Sunday morning, I mean Saturday night, Vancouver airport
I’m in the Maple Leaf Lounge with my colleague waiting for our connecting flight to Hong Kong. almost 4 in the morning Montreal time. After that 13 hour haul to HK, it’s another wait for a couple of hours before landing in Jakarta. A couple of white guys (that’s not saying much; in these lounges, it’s hard to spot anyone else) are talking about textile. How difficult it is, says one, to have a factory in India, it’s too hot, the roads are terrible, and besides, the labour is cheaper in China. The other guy is now bragging about his house in Greece. And now he’s telling the other guy that the best steak in the world is found in Hong Kong. It looks as though he’s sampled enough filet mignon.
Well I’m sure my house is smaller than his and my job is more interesting than both of theirs. One of the reasons I’m going to Indonesia is to help facilitate a workshop for the Ministry of Social Affairs. The focus of the workshop is to educate their staff on the integration of a rights-based approach to social work. In our workshop manual, the first reference sheet has a number of definitions of “human rights.” And it’s the first one which gave me pause. It’s from Indonesia’s Human Rights Act from 1999:
Human rights mean a set of rights bestowed by God Almighty in the essence and being of humans as creations of God which must be respected, held in the highest esteem and protected by the state, law, Government, and all people in order to protect human dignity and worth.
So this is what doesn’t work for me: rights, in my opinion, are not bestowed by God. Rights are a human construct, as far as I know I see no evidence that a deity – from any religion – has bestowed rights to anyone anywhere. If you read through the United Nations definition we present right after, you’ll see a difference:
Human rights are commonly understood as being those rights which are inherent to the human being. The concept of human rights acknowledges that every single human being is entitled to enjoy his or her human rights without distinction as to race, colour, sex, language, religion, political or others opinion, national or social origin, property, birth or other status.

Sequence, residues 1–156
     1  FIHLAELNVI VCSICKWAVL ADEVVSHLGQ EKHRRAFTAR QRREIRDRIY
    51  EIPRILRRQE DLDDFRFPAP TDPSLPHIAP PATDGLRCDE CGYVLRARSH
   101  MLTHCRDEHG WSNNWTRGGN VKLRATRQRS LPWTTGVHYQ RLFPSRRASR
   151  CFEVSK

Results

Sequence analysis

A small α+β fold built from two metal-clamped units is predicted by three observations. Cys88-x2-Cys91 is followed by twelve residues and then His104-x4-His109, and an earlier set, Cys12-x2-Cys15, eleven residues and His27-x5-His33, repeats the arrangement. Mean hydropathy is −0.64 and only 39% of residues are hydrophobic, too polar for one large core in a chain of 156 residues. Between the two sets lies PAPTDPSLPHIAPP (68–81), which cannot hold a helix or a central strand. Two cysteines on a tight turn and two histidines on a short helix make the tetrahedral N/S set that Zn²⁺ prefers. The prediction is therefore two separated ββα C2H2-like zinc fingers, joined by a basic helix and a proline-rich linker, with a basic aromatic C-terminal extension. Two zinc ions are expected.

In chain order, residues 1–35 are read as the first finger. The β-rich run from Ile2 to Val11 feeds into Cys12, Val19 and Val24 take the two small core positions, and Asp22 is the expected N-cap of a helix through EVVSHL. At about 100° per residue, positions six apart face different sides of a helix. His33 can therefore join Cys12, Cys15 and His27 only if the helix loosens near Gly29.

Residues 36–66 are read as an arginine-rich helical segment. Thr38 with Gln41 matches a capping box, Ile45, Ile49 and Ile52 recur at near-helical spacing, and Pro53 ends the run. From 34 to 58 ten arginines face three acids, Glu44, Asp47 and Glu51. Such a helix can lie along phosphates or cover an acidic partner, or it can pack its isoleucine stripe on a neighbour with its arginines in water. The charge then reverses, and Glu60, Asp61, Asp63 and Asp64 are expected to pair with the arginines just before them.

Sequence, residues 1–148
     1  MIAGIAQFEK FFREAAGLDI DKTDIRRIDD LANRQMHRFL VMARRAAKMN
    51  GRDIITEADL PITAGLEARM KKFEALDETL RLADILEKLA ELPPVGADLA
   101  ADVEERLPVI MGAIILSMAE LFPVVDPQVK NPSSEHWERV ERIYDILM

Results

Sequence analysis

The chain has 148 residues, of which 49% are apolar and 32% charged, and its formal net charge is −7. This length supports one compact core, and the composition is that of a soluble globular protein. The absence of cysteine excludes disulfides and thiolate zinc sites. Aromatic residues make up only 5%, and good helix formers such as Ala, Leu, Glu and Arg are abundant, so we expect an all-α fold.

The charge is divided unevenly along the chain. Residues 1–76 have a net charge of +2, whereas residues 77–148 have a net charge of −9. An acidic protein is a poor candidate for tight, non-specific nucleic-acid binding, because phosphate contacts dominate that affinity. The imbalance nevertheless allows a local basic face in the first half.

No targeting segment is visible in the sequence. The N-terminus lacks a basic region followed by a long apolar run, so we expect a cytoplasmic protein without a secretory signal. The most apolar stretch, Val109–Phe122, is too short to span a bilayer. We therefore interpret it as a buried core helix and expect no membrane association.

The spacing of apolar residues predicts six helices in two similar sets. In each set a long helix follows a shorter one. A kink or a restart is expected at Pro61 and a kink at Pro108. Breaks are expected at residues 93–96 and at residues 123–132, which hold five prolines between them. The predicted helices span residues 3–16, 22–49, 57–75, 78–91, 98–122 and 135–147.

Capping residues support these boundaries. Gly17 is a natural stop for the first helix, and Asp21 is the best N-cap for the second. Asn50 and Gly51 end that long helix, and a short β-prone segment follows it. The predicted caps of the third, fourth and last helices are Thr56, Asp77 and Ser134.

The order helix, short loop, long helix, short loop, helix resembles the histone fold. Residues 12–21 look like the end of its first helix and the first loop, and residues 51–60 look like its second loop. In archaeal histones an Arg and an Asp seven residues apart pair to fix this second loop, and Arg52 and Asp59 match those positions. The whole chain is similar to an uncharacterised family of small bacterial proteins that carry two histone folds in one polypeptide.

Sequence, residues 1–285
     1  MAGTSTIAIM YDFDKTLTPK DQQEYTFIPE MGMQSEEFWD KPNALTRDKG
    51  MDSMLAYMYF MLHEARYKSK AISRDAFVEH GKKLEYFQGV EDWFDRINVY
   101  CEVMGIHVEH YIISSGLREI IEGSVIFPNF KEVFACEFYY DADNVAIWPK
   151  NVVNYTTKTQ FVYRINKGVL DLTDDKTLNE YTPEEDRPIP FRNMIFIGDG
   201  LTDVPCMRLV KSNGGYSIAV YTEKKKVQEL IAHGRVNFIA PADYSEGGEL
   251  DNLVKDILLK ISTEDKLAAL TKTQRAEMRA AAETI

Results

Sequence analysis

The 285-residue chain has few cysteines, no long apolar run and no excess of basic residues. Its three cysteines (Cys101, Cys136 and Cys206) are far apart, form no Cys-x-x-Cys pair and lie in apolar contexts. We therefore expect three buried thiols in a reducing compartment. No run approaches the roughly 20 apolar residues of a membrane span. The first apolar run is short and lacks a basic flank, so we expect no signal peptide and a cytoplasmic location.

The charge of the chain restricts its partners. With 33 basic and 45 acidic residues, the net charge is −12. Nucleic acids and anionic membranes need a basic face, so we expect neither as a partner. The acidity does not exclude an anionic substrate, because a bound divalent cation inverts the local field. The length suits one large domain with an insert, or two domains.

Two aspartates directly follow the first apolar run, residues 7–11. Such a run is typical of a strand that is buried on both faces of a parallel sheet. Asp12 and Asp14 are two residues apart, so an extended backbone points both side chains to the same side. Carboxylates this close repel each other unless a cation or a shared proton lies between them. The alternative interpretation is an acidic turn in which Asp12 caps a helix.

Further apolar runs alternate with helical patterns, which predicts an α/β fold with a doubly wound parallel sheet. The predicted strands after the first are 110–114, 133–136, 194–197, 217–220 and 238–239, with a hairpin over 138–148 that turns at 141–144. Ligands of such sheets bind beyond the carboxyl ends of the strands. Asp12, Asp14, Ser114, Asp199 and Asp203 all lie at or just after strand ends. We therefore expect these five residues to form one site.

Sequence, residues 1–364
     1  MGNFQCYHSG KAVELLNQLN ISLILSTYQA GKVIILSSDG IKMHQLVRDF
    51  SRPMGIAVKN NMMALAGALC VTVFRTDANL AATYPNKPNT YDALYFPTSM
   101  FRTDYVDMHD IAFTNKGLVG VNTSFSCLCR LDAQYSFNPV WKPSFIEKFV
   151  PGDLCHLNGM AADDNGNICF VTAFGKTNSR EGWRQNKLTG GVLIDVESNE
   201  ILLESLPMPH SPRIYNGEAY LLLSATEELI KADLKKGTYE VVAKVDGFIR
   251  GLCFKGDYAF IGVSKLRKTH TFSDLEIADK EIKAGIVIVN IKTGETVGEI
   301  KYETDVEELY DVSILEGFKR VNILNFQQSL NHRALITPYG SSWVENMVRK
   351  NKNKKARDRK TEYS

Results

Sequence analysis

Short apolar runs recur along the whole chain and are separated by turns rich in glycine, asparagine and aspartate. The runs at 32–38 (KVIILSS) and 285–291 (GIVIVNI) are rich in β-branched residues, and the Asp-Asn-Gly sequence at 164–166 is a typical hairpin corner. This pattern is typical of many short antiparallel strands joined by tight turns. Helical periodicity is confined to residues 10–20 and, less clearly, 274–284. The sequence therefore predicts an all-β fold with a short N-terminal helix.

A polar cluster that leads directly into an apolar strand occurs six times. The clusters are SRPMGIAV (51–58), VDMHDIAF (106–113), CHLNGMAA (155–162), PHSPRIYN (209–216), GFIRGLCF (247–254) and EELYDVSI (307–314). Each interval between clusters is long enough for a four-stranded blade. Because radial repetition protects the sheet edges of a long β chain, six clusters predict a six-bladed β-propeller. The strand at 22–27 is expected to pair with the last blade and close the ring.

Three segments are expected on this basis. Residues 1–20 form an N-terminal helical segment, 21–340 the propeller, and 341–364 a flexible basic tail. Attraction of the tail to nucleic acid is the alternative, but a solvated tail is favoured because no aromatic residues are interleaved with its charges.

Human rights are legally guaranteed by human rights law, protecting individuals and groups against actions that interfere with the fundamental freedoms and human dignity.
At least both definitions agree that human rights are legally enforceable standards. The idea that some people believe that God bestows rights does not typically cause friction in my work (oh but it does sometimes). I’ve worked with human rights educators in dozens of countries and regardless of their religious beliefs (or lack thereof), there is always some common ground that we can uncover, and it’s usually concerning values. Respect, acceptance, equality (well, sort of. Equality for some people can mean “women have this role, men have another role, and that’s it.”), and non-discrimination.
Let me cite one example where I don’t find it helpful to assume that God bestowed rights. I may be having a very candid and critical discussion with a man who believes, according to his upbringing (which is a combination of religion, culture, family, friends and so on), that women are inherently inferior to men. I may be making some headway in putting my argument forward that women and girls should be given equal opportunities compared to men and boys to realise their full potential as human beings and that historically this has not been the case. He may be on the verge of realizing that yes, women have been shafted for most of history in most societies, but then he’ll pull out the argument that God was the only one who gave us rights and we are not ones to contradict His will, so things should not change. Wall.
I am not in the business of changing people’s religious views. I am displeased enough as it is by Jehovah’s Witnesses ringing my doorbell every month and handing me a pamphlet informing me of who Jesus really was and how I can better manage my time. But what I feel I must do as an educator is to ensure that human rights – whatever their origin – are well understood by all. The last definition in that reference sheet I mentioned earlier is my favourite one of human rights because it specifies that a right implies four things: 1) there is a subject of that right (of a right-holder, like an individual or a group), 2) a duty-holder, like the Sate, which is legally obliged to fulfil that right, 3) the object of the right, in other words the content of the right is defined, and finally 4) the implementation of the right, indicating the measures taken to realize the right and how its realization will be monitored.
Engaging people in a critical discussion on human rights means challenging their beliefs (everyone’s beliefs, mine included). This is, at best, not easy at all. I have been cautious for the most part when addressing God and human rights, and the more I think of that stance, the more I question my own behaviour. I think (OK, I hope) it’s possible to engage others in a critical manner by having everyone challenge – in a constructive, open way – each others’ beliefs, including religious beliefs, which form a sizeable part of many peoples’ value systems. Why should religion be off-limits?